Contenders: Adam Eaton WAS, Mark Melancon SF, Homer Bailey CIN


MOST VALUABLE PLAYER: Francisco Lindor, Cleveland
Contenders: Giancarlo Stanton NYY, Carlos Correa HOU, Mike Trout LAA, Mookie Betts BOS

CY YOUNG AWARD: Chris Sale, Boston
Contenders: Corey Kluber CLE, Luis Severino NYY, Justin Verlander HOU, Chris Archer

ROOKIE OF THE YEAR: Shohei Ohtani, Los Angeles
Contenders: Dustin Fowler OAK, Gleyber Torres NYY, Francisco Mejia CLE, Chance Sisco BAL

MANAGER OF THE YEAR: Alex Cora, Boston
Contenders: Aaron Boone NYY, TerryFrancona CLE, A.J. Hinch HOU, John Gibbons TOR

Contenders: Doug Fister TEX, Miguel Cabrera DET, Francisco Liriano DET


NL EAST: Washington, Philadelphia, Atlanta, New York, Miami

NL CENTRAL: Chicago, Milwaukee, Saint Louis, Pittsburgh, Cincinnati

NL WEST: Los Angeles, Colorado, San Francisco, Arizona, San Diego

NL WILDCARDS: Milwaukee, Colorado

AL EAST: Boston, New York, Toronto, Baltimore, Tampa Bay

AL CENTRAL: Cleveland, Minnesota, Detroit, Kansas City, Chicago

AL WEST: Houston, Los Angeles, Seattle, Texas, Oakland

AL WILDCARDS: New York, Los Angeles


As stated at the top of this article, a year ago I had the Washington Nationals finally breaking through to win the franchise first-ever World Series by edging out the Boston Red Sox. I genuinely believe that making that exact same prediction this season would be just as valid. It would also be just as likely to go another way entirely.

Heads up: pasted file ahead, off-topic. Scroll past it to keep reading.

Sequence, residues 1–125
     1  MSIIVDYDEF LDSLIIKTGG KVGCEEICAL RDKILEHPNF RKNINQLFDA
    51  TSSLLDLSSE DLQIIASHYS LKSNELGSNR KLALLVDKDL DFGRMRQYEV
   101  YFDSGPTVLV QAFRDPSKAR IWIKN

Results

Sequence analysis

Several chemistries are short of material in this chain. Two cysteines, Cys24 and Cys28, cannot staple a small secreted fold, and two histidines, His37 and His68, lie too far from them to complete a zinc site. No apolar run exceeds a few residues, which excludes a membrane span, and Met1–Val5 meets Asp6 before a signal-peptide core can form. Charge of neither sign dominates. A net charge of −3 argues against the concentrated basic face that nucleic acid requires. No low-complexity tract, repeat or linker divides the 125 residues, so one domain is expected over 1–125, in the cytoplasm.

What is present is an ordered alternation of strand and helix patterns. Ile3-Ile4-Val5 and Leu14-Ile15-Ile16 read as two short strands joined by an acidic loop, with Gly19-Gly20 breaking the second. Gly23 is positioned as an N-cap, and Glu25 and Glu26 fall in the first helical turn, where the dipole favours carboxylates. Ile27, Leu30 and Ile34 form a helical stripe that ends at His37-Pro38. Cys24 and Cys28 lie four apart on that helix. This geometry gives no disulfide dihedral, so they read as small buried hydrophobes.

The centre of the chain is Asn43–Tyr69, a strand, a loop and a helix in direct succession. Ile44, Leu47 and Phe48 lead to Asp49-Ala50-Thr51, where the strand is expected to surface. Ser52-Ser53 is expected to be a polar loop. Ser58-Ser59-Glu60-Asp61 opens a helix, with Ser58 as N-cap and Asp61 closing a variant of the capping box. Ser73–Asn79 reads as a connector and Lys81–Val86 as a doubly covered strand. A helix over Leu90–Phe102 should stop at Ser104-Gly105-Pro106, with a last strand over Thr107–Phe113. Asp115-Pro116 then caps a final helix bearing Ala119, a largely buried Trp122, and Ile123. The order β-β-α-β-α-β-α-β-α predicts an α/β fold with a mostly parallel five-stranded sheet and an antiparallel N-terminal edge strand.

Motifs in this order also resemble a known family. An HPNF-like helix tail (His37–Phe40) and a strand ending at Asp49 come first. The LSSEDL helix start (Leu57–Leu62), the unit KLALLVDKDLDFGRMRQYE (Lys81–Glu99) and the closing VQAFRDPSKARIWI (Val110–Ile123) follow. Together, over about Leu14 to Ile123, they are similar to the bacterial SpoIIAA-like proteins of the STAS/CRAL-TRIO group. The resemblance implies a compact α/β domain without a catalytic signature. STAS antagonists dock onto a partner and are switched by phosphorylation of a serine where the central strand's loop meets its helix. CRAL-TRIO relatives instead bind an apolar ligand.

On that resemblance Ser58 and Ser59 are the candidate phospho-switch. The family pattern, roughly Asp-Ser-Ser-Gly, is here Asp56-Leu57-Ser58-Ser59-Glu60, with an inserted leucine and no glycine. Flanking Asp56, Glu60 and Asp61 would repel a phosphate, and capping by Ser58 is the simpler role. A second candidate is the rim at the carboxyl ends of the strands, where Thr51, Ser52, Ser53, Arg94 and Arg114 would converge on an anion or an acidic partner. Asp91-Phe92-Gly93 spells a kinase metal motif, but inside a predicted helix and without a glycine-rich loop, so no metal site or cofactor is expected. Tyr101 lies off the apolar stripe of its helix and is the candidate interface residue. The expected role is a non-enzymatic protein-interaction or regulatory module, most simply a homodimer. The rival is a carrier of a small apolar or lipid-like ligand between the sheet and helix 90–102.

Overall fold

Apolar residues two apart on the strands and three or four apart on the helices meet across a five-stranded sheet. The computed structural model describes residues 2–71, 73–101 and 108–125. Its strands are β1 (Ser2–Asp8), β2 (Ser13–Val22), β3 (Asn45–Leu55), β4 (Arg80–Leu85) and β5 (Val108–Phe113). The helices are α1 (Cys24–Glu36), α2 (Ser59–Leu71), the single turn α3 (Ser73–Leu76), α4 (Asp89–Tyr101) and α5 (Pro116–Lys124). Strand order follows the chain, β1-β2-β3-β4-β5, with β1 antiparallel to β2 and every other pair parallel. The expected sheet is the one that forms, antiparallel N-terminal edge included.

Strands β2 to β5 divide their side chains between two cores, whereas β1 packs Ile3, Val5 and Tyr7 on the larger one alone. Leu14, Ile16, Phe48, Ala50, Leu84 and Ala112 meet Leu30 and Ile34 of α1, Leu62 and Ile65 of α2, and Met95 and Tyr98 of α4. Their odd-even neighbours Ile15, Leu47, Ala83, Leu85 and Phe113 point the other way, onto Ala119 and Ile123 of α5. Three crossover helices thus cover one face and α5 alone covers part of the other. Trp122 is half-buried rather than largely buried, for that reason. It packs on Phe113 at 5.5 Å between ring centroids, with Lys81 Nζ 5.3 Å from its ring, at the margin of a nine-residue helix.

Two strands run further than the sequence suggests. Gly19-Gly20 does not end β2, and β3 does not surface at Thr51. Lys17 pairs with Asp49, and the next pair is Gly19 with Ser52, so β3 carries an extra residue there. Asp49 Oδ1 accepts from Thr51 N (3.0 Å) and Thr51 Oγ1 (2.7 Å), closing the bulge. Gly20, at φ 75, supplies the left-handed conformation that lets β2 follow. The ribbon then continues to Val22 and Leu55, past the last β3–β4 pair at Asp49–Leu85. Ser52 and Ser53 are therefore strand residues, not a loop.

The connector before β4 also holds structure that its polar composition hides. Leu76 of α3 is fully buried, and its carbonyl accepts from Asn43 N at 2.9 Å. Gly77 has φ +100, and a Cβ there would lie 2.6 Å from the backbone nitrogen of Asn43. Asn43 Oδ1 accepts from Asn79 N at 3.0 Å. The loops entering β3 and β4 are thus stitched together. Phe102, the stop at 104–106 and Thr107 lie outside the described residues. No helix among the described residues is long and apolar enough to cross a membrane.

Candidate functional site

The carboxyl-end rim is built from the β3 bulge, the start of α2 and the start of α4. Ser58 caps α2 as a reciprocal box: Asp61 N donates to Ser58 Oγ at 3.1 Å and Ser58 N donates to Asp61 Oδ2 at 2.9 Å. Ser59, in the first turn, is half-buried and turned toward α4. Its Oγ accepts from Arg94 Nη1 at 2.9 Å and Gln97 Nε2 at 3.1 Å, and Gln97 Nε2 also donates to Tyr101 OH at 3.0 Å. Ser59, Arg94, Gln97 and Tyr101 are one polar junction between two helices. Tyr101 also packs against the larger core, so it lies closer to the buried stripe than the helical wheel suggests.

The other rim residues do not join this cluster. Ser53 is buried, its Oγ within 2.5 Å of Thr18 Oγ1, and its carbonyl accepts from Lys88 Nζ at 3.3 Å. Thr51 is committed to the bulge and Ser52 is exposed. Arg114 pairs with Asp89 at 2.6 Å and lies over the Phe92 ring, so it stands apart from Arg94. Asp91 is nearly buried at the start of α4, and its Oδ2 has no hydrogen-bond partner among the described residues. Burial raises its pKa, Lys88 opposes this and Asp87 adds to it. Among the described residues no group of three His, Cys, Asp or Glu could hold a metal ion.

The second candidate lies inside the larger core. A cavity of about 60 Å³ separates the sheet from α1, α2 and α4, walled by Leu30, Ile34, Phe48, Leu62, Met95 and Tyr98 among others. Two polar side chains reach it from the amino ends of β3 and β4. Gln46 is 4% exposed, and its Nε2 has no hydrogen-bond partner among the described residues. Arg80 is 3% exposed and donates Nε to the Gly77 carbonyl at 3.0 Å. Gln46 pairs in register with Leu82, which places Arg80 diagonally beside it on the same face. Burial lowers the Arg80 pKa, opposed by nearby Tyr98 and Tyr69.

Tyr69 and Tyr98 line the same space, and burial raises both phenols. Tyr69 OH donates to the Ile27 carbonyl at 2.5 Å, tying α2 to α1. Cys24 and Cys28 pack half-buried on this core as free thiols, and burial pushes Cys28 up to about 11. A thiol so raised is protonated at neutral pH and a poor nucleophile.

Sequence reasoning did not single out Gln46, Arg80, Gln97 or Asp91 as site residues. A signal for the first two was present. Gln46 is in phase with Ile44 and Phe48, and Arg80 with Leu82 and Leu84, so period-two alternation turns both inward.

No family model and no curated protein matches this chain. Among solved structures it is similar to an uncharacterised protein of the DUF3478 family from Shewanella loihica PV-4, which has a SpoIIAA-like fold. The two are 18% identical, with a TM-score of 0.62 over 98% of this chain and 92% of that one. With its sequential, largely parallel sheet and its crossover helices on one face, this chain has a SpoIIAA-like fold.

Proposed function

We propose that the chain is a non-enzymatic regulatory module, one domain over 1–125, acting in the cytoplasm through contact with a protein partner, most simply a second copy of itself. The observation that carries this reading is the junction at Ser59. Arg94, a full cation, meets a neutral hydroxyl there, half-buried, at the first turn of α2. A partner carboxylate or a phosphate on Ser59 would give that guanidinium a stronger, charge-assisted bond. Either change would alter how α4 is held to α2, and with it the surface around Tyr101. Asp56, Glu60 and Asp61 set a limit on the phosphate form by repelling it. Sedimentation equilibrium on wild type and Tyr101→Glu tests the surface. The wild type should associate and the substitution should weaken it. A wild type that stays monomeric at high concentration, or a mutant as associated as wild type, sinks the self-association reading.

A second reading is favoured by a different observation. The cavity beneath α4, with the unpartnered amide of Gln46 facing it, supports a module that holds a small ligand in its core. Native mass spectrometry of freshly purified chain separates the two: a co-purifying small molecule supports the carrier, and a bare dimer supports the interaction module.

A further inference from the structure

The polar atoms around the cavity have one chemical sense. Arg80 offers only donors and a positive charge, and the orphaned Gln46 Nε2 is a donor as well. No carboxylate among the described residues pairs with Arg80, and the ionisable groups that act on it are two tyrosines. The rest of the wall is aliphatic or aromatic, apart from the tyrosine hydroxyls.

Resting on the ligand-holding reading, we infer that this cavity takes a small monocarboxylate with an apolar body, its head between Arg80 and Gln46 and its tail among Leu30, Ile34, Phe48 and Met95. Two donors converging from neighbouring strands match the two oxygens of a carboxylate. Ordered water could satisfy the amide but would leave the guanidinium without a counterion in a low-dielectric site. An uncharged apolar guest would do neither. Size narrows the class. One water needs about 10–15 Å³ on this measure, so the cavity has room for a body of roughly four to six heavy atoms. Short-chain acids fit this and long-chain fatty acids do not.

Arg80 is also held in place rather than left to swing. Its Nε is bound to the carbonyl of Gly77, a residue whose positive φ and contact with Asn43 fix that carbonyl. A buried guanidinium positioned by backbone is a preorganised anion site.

A major development will come as the summer rolls on, and the impending free agency of superstar Bryce Harper becomes more and more realistic. At some point, the powers-that-be with the Nationals may have to actually entertain trade offers for their outfielder, or risk losing him for nothing later this Fall.
If Harper stays and is both healthy and focused come October, the Nats are my pick. But that is way too questionable at this point. So let’s call it the Chicago Cubs as winners of their second NL Pennant in three years.
Over the in AL, the defending World Series champion Houston Astros are the cream of the crop until someone proves differently. The Bosox and Yankees will do a Battle Royale in the AL East, and both could be good enough to dethrone the Astros. Same can be said of the Tribe in the Central. Still, I’m taking Houston to repeat in the American League.
The 2018 World Series would then be a battle between the winners of the last two Fall Classics. There is an old saying in sports that goes “you gotta beat the champ if you wanta be the champ.” I just think that Houston is too good for that to happen.
Given health, the Houston Astros will defeat the Chicago Cubs in five games in the 2018 World Series. After never having won a title, the Astros will make it back-to-back World Series crowns. They would become the first team to repeat since the 1998-2000 Yankees won three in a row.

There you have it, my 2018 Major League Baseball preview and predictions. Again, feel free to leave your own picks in the comments section below. Play ball!